Over the last month, the sidewalks around Langley City Hall have been in various states of construction. As part of the new Timms Community Centre project, the sidewalks near the facility along Fraser Highway, Douglas Crescent, 204th Street, and 56 Avenue are being replaced.
Once the sidewalk construction is complete, accessibility will be enhanced due to better designed sidewalks. Right now, it is a challenge for people with limit mobility to get around this area.
I’ve been out canvasing in Langley City neighbourhoods for the upcoming by-election, and have heard from people with limited mobility that accessing City Hall and the Library is currently a challenge. I've also heard this from a friend with limited mobility as well.
One of the stories I heard was that the accessible ramp was available in the morning when someone went to visit the library, but was blocked off later in the day due to construction work. This person had to wait around until the ramp was reopened. Another person told me that they almost tipped over on the gravel.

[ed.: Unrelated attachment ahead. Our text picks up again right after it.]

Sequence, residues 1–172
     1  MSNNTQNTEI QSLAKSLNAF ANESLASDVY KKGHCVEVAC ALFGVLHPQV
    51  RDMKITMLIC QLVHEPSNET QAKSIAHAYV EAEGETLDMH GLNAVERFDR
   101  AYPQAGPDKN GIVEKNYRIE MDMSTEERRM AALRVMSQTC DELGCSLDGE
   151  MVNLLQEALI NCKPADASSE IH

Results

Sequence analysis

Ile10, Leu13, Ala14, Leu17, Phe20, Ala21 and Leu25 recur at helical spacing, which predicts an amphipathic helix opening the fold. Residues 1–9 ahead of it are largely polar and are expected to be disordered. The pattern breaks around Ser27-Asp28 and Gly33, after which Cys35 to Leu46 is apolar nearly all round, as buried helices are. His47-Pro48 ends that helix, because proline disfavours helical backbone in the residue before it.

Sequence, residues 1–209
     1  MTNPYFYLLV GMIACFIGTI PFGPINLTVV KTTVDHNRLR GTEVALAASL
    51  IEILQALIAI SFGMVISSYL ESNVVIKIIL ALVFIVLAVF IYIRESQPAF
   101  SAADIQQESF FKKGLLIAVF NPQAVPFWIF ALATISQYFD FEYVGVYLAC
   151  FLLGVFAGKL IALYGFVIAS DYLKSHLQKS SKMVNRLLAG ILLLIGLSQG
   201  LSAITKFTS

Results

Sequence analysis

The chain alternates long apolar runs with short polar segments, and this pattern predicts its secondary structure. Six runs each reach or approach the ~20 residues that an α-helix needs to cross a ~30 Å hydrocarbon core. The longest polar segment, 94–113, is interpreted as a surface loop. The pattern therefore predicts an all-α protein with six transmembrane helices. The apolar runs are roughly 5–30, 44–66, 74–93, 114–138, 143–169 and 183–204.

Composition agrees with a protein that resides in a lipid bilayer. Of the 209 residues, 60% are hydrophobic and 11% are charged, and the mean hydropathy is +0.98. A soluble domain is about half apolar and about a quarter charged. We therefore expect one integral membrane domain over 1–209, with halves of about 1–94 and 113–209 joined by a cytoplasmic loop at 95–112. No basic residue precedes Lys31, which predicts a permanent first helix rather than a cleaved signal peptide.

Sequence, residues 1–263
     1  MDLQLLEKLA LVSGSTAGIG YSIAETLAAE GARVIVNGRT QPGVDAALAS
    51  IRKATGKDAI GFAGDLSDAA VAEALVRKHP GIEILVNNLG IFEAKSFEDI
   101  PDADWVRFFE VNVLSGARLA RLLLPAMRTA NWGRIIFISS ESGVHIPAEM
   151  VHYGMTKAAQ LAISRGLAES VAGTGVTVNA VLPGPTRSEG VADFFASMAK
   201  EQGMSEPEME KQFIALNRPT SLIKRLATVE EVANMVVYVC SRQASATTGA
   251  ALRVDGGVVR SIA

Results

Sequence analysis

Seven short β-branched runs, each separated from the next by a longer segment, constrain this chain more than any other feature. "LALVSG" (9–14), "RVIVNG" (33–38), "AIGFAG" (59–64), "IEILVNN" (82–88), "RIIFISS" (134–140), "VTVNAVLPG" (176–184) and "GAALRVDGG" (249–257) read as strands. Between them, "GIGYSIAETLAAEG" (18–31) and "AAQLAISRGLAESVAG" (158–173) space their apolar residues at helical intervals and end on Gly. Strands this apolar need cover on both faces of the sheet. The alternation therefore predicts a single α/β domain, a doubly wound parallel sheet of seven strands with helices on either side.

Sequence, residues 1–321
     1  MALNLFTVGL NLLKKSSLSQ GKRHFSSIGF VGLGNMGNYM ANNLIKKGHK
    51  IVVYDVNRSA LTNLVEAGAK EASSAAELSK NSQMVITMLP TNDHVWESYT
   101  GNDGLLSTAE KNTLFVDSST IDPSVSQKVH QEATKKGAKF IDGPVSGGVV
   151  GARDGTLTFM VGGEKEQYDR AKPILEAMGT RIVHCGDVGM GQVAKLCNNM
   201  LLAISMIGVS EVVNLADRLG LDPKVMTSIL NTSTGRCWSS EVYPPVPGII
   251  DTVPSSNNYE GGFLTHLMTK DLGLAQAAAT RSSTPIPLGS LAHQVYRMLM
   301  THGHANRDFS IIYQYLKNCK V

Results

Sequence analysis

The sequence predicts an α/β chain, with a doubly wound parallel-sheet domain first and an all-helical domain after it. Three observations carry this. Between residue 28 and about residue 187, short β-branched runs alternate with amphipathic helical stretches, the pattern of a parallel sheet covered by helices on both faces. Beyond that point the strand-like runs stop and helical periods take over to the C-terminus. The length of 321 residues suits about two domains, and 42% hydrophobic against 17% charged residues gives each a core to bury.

|Gravel and non-level surfaces make it tricky to access this business. Select image to enlarge.|
Maintaining access to any facility during construction can be a challenges, and maintaining accessible access can be even more challenging. When it comes to the library and City Hall, maintaining accessible access is a must. The library is one of the few indoor public spaces available in Downtown Langley. Likewise, it is important that anyone be able to access City Hall.
Having an accessibility plan during the construction/renovation of an existing facility is critical.
For example during the reconstruction of the Main Street SkyTrain station, accessible street to platform access was maintained. During a recent renovation of the Central City Shopping Centre, there was a clearly marked accessible access route.
Maintaining accessible access to public facilities is critical if we want to build a community where everyone is included.